|Burchell's zebra (Equus quagga burchellii) at Etosha National Park, Namibia|
|Plains zebra range|
The plains zebra (Equus quagga, formerly Equus burchellii), also known as the common zebra, is the most common and geographically widespread species of zebra. Its range is fragmented, but spans much of southern and eastern Africa south of the Sahara. Six or seven subspecies have been recognised, including the extinct quagga which was thought to be a separate species. More recent research supports variations in zebra populations being clines rather than subspecies.
Plains zebras are intermediate in size between the larger Grévy's zebra and the smaller mountain zebra and tend to have broader stripes than both. Great variation in coat patterns exists between clines and individuals. The plain zebra's habitat is generally, but not exclusively, treeless grasslands and savanna woodlands, both tropical and temperate. They generally avoid desert, dense rainforest and permanent wetlands. Zebras are preyed upon by lions and spotted hyenas, Nile crocodiles and, to a lesser extent, leopards, cheetahs and African wild dogs.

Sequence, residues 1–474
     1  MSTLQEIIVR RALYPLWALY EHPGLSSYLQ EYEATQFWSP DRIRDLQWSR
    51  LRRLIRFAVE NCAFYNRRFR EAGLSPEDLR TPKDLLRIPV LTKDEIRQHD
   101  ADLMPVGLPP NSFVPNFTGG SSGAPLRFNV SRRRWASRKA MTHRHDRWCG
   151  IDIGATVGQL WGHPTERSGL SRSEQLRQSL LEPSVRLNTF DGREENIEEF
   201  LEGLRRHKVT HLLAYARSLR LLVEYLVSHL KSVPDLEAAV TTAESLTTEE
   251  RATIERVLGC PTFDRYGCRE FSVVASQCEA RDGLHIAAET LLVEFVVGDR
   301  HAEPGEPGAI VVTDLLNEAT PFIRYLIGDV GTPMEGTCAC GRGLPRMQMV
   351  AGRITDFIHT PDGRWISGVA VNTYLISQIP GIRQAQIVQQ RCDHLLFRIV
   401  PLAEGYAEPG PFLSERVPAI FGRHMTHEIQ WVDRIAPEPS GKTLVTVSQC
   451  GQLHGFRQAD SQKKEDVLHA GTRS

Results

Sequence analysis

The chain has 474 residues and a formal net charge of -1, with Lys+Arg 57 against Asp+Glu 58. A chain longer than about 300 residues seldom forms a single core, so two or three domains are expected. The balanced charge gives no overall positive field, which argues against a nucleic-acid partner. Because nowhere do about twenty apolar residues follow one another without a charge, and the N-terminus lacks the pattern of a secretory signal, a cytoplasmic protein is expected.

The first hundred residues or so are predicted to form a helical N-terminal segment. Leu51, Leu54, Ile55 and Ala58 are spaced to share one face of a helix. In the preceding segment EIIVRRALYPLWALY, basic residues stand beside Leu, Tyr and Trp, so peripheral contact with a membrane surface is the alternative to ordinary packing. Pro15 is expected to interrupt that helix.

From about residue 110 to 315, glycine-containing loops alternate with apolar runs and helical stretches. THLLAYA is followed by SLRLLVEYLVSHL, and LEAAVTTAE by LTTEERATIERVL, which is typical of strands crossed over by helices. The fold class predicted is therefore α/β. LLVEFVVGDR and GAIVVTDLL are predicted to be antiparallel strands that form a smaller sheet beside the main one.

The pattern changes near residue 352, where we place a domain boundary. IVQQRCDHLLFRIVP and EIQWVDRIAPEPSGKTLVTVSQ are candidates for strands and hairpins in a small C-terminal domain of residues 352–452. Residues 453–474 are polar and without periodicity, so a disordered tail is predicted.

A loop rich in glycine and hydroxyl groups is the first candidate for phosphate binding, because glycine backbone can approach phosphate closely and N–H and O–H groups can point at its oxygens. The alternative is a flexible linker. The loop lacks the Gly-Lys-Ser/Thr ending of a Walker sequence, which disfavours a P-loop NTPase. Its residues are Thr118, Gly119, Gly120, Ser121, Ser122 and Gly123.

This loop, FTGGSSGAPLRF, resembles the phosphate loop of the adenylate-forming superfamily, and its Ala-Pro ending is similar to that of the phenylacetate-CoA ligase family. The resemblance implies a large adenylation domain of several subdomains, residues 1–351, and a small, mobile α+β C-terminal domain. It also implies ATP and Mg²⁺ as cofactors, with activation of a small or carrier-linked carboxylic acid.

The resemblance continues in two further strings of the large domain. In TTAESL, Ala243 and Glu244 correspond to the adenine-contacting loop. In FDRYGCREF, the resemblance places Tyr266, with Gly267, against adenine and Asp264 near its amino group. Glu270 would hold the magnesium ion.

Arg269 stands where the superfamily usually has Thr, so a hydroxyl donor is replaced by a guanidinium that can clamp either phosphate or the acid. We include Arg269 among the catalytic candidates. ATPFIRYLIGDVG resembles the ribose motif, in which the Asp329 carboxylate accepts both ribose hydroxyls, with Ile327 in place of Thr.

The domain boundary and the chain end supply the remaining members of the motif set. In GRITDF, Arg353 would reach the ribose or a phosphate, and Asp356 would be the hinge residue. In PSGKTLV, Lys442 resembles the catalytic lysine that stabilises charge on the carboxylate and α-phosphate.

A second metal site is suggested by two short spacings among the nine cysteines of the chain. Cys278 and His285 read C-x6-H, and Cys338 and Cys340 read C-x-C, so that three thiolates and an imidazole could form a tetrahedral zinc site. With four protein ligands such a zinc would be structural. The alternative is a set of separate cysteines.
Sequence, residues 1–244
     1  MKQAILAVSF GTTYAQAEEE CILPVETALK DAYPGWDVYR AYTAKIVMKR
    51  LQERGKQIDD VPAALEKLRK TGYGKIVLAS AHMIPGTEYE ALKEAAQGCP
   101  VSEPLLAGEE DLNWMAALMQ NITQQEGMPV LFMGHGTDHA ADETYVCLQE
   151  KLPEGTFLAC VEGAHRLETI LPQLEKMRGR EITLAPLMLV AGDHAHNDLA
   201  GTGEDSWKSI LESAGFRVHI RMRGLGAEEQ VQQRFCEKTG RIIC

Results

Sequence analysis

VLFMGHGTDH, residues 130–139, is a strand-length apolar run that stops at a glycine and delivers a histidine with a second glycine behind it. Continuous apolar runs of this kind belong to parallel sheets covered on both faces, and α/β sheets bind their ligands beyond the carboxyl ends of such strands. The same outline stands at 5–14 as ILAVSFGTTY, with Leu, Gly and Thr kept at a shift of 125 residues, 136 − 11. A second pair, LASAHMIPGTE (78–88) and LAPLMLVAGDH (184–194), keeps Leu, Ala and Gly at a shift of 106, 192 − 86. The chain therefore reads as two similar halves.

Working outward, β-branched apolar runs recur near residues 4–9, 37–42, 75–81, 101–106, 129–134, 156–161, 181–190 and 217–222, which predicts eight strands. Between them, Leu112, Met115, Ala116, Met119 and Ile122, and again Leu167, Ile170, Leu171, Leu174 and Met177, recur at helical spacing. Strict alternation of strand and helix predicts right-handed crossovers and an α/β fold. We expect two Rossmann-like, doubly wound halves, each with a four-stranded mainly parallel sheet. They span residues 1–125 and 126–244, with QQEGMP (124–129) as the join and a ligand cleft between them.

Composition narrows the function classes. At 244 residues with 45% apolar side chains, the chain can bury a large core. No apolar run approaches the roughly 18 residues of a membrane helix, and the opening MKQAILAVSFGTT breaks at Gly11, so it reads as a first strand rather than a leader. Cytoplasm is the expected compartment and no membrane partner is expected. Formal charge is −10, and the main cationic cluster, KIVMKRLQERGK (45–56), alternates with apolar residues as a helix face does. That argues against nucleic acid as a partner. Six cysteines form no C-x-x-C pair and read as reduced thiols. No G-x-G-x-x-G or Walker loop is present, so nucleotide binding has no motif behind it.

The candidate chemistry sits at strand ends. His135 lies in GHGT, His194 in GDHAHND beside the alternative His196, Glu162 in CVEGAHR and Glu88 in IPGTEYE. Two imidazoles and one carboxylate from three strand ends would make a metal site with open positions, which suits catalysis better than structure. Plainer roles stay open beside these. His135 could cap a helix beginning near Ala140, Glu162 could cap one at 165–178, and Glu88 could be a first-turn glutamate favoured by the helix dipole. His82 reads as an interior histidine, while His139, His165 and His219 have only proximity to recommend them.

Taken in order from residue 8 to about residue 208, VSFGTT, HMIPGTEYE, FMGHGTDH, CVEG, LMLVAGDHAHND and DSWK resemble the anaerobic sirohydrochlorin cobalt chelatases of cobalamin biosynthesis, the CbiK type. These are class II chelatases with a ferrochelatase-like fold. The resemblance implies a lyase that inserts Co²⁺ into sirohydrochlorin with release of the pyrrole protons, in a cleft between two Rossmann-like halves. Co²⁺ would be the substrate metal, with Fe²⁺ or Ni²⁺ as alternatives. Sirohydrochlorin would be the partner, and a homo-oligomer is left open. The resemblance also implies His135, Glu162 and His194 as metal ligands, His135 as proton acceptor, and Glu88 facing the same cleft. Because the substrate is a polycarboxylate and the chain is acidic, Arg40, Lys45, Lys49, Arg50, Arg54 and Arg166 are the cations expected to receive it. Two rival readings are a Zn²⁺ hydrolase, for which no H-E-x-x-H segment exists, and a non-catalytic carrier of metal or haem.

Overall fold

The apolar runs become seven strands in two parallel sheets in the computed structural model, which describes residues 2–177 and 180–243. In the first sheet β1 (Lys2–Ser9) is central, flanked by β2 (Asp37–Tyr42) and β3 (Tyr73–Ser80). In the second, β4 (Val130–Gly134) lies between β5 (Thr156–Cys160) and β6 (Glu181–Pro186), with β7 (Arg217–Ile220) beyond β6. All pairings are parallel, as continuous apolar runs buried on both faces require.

Plains zebras are a highly social species, forming harems with a single stallion, several mares and their recent offspring; bachelor groups also form. Groups may come together to form herds. The animals keep watch for predators; they bark or snort when they see a predator and the harem stallion attacks predators to defend his harem.
The plains zebra remains common in game reserves, but is threatened by human activities such as hunting for its meat and hide, as well as competition with livestock and encroachment by farming on much of its habitat, and is listed as near threatened by the IUCN as of 2016. The species population is stable and not endangered, though populations in most countries have declined sharply.
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